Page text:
The new dilemma of low-cost technology: Is repairing your broken tablet's screen or mainboard worth it?
Everyone is admiring the new tablet you snagged on Black Friday when your eggnog-swilling Auntie Lynn bumps you, causing you to drop the tablet and craaack – the screen becomes a spider web. In many cases, you're now facing one of the dilemmas of the low-cost technology age: Is it worth it to fix it? Or do you sink your money into a new tablet?
N.E.W. Customer Service Companies (NEW), which sells extended warranties and service plans for a variety of products, today released data showing that repairs of some gadgets cost 50% to 100% of the purchase price. With tablets, smartphones and e-readers becoming more popular than ever this holiday season, smart consumers may want to factor the potential cost of repair into their overall buying consideration.
“The cost of tablet and e-reader repair is extremely high when compared with other products," said Jamie Breneman, a contributor to The Savvy Shopper blog and NEW's senior marketing director. "For example, for a $400 tablet, you will need to pay at least $200 to repair the LCD screen, one of the most common issues, and for a $120 e-reader, the least expensive problem to fix will cost you upward of $100.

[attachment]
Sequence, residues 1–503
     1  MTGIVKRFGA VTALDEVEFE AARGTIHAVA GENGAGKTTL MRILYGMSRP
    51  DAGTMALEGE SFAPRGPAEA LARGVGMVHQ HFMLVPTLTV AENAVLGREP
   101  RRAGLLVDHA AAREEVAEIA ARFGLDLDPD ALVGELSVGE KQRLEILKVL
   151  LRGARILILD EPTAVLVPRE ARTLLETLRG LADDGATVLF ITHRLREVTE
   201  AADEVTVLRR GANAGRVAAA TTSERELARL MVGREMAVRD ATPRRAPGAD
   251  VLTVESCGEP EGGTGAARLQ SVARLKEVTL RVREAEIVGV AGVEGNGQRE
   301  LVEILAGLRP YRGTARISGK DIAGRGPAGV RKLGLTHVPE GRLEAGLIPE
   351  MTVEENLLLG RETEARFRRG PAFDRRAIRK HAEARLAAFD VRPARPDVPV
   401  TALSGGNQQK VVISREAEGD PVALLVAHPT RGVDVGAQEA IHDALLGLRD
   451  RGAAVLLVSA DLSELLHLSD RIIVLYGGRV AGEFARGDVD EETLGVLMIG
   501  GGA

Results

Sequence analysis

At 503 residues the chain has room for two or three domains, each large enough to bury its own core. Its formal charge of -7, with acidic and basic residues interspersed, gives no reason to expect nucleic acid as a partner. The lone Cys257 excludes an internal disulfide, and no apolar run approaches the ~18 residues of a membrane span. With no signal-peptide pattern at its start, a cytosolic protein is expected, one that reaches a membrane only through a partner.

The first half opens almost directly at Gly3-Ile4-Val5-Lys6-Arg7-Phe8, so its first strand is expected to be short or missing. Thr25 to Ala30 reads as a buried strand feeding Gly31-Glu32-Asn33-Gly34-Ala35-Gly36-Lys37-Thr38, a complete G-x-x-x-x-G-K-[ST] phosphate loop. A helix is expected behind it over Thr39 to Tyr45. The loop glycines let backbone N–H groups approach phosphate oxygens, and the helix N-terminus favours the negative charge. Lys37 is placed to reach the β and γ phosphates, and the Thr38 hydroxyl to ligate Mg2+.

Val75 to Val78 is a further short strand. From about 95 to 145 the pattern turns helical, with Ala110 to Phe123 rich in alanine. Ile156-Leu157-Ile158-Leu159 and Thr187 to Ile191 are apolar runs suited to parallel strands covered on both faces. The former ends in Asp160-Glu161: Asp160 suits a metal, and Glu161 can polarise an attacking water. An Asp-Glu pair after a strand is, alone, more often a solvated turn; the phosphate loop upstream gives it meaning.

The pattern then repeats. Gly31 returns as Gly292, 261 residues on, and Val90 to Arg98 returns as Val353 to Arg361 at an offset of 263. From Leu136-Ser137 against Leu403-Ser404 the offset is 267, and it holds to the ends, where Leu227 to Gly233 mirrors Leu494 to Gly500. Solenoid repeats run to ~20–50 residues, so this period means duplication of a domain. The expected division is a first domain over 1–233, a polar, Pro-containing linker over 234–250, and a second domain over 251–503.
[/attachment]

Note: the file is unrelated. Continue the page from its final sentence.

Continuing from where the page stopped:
NEW reported that other main reasons for tablet failure are, in order of occurrence, digitizer failure (with the average cost to repair at $228) and main board failure (with the average cost to repair at a probably-not-worth-it $328).
NEW also reports that for a $150 e-reader, a consumer-oriented extended service plan should cost between $10-$30. For a $400 tablet, extra protection will range between $40 and $80, depending on where you buy the device and the level of benefits.